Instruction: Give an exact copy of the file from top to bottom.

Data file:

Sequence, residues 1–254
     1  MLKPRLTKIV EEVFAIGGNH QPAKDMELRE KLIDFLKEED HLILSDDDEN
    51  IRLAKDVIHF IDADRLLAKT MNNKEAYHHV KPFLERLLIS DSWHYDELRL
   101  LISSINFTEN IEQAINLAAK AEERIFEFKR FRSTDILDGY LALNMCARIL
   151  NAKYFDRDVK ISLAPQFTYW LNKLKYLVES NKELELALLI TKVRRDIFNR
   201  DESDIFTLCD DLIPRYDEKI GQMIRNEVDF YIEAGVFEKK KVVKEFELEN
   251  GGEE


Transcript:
Sequence, residues 1–254
     1  MLKPRLTKIV EEVFAIGGNH QPAKDMELRE KLIDFLKEED HLILSDDDEN
    51  IRLAKDVIHF IDADRLLAKT MNNKEAYHHV KPFLERLLIS DSWHYDELRL
   101  LISSINFTEN IEQAINLAAK AEERIFEFKR FRSTDILDGY LALNMCARIL
   151  NAKYFDRDVK ISLAPQFTYW LNKLKYLVES NKELELALLI TKVRRDIFNR
   201  DESDIFTLCD DLIPRYDEKI GQMIRNEVDF YIEAGVFEKK KVVKEFELEN
   251  GGEE